Violence and aggression in the workplace

15 Jun 2020

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Work-related violence has serious consequences for employees and the employer. Victims may suffer not only physical injury, but also psychological effects, such as anxiety and stress.  As the employer you should be able to show that you have and will take reasonable measures to protect yourself and your employees from acts of violence and aggression.

What is meant by violence?

An act of violence can be defined as:

  • actual or threatened physical assaults on staff
  • psychological abuse of staff
  • verbal abuse which includes shouting, swearing and gestures
  • threats against employees.

How can you support your staff?

There are a wide range of measures that you should follow to reduce the risk of violence at work to employees. These are:

  • carry out risk assessments of potential conflict situations to determine the control measures necessary to protect staff
  • ensure that premises are kept secure
  • inform all employees of the procedure following a violent or challenging behaviour incident
  • not tolerate violence or challenging behaviour towards employees
  • train employees who may be exposed to violence or challenging behaviour situations
  • support any employees involved in any incident
  • support their decisions regarding the pressing of criminal charges
  • provide any counselling or post-incident assistance required by the employees
  • keep record of all incidents of violence and aggression and review the control measures with a view to continual improvement in employee safety.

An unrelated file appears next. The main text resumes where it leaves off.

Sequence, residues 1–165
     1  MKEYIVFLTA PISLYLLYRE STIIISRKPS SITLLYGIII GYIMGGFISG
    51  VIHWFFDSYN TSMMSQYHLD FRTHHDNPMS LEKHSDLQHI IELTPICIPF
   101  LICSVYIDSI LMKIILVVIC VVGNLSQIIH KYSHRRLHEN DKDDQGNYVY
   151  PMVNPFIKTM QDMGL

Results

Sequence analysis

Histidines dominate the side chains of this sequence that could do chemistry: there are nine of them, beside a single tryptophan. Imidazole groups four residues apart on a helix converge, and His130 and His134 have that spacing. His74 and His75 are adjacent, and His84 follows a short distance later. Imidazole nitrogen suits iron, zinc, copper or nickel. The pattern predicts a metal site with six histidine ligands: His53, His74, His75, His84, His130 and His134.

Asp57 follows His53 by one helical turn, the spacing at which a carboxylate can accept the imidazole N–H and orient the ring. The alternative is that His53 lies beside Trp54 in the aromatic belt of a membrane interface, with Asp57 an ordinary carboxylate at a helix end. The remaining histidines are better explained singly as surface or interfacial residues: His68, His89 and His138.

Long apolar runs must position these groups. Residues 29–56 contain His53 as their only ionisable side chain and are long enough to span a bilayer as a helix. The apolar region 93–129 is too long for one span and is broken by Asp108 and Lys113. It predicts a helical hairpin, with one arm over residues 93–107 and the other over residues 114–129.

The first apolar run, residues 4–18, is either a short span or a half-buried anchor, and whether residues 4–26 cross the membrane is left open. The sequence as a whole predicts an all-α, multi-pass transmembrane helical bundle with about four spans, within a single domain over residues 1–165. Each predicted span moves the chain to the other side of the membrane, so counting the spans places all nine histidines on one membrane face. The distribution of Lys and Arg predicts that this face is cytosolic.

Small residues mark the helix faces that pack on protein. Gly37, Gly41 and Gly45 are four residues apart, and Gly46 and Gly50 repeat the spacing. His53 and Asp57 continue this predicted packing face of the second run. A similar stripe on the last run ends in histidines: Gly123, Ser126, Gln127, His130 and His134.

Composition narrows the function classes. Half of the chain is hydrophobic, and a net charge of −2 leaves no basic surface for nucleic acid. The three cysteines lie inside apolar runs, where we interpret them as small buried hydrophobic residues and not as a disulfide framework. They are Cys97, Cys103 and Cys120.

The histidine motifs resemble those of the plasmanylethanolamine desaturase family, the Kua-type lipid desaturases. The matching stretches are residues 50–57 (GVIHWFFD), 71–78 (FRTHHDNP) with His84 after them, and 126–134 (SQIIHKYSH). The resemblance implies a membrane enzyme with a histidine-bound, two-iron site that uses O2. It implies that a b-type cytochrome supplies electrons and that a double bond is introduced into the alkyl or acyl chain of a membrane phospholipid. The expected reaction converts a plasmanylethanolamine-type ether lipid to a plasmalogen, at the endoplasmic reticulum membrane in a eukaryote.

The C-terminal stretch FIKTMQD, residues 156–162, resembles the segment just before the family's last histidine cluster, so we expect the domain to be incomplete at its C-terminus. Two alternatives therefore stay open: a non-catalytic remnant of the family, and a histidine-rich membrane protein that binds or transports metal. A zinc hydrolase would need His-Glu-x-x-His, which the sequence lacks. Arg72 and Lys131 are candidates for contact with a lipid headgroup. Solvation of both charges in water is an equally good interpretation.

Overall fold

Diffusing the situation

In the event of violent or aggressive behaviour there are several steps that you can try to diffuse the situation:

Act in control

Even if you feel anxious or scared when confronted by an aggressor, try to give the impression that you are confident and in control of the situation. Anxiety is an entirely reasonable reaction to violent or aggressive behaviour, but if an aggressor notices it then it may increase their level of aggression.

  • Talk to the aggressor in a calm and respectful manner, and keep the tone of your voice low.
  • If you have been summoned to assist with a violent or aggressive customer or person that you don’t know, introduce yourself to the aggressor and ask what you can do to help.
  • Maintain a non-judgmental attitude and focus your attention on the aggressor at all times
  • Let the aggressor talk without interruption, and acknowledge how they are feeling. Remember that your aim is to calm them down, not to make sense of their complaint or issue.

Use body language

Body language can reinforce or undermine the impression that you are trying to give.

  • Maintain neutral eye contact with the aggressor, but try not to stare. Break eye contact every so often if necessary.
  • Keep your face relaxed, but don’t smile. The aggressor will respond badly if they think that you are laughing at them or making light of the situation.
  • Keep your body language open and don’t cross your arms or gesture with anything that could be perceived as a weapon. Stand a safe distance away from the aggressor and be aware of your nearest exit at all times.

Work towards a solution

Wait for the aggressor to calm down. Explain the consequences of their aggressive behaviour respectfully but firmly. Suggest ways in which the situation could be resolved without conflict, and try to give the aggressor more than one solution so that they have some control over the situation. 

If you or your staff are a witness or receive any violence or aggression ensure it is recorded and investigated. Support the decision of any employee wishing to press charges against the individual(s) involved.

Bira members 

Get in touch with Bira Legal for further support and advice on the details below (have your Bira membership number to hand).

0345 450 0937

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Additional Guidance and Resources: 

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